Filipina victor of human trafficking wins criminal case; Malaysian employers convicted

Filipina victor of human trafficking wins criminal case; Malaysian employers convicted

The employers of a trafficked Filipina, Courage*, were convicted by the Sessions Court in Malaysia for violation of the Anti-Trafficking in Persons and Smuggling of Migrants (ATIPSOM) Act.

“The conviction is a big win for us during this pandemic and is the first victory for a Filipina in Malaysia. This is an example of the government’s commitment in protecting and promoting the rights of our OFWs,” said Foreign Affairs Undersecretary Sarah Lou Y. Arriola.

After escaping a rape attempt from her first employer, the now-convicted Malaysian couple took advantage of the situation and forced Courage to work at their home. There she was maltreated and subjected to cruel and abusive acts using a hanger, a flat iron, boiling oil, to name a few.

Bloody and bruised but with the burning desire to survive, Courage escaped from her wicked employers and was found by a Filipino couple in an abandoned lot. She was later brought to the Philippine Embassy in Kuala Lumpur.

After a series of police investigations and a medico-legal examination, her case was classified as under the Anti-Trafficking in Persons and Smuggling of Migrants Act and she was brought to a safe house / shelter for victims of human trafficking.

In the criminal case filed with the Magistrate Court, Courage bravely testified and recounted her ordeal at the hands of her traffickers. She was finally repatriated in June 2018. The employers were initially acquitted, but upon appeal, the Sessions Court reversed this and found both employers guilty of the offense of trafficking and were sentenced to 10-12 years of imprisonment and ordered to pay Courage damages in the amount of RM20,000 (equivalent to PHP 232,976.)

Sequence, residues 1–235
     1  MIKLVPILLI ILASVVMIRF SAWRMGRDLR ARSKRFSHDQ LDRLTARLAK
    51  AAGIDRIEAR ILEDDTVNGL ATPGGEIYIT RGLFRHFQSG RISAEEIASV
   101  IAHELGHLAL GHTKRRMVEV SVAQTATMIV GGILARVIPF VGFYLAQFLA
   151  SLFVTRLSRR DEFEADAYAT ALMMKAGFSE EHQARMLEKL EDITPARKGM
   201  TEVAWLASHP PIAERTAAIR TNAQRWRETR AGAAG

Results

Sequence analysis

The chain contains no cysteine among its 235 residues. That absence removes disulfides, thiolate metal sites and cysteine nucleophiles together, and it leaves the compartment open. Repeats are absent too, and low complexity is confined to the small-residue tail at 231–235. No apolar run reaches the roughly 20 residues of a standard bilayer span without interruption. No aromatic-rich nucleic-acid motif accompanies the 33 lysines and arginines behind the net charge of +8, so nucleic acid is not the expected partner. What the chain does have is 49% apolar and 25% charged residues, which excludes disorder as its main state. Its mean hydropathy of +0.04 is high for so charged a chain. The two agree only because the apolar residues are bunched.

Through the Department of Foreign Affairs, Courage was able to fly back to Malaysia in February 2019 to file a civil case against her employers. DFA also utilized the Legal Assistance Fund to provide a lawyer for her case and pay for the bond or security cost in the civil action, which remains pending to date.

The successful conviction of the human traffickers would not have been possible without the watchful eye of the Philippine Embassy in Kuala Lumpur, the strong inter-agency cooperation between the Department of Foreign Affairs, the Department of Labor and Employment, the Overseas Workers Welfare Association, and Blas Ople Foundation, an NGO representative of the Inter-Agency Council Against Trafficking, and the brave quest of Courage for justice.

*Name used to protect the identity of the Filipina — Source: dfa.gov.ph

Leave a Reply

Share via
Copy link
Powered by Social Snap